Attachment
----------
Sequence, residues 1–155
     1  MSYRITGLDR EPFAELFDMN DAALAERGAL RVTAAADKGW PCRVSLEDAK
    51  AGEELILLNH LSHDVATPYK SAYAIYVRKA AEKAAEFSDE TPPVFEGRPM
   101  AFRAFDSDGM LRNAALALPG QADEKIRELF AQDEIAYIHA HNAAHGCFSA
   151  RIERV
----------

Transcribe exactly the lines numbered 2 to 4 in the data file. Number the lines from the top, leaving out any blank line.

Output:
     1  MSYRITGLDR EPFAELFDMN DAALAERGAL RVTAAADKGW PCRVSLEDAK
    51  AGEELILLNH LSHDVATPYK SAYAIYVRKA AEKAAEFSDE TPPVFEGRPM
   101  AFRAFDSDGM LRNAALALPG QADEKIRELF AQDEIAYIHA HNAAHGCFSA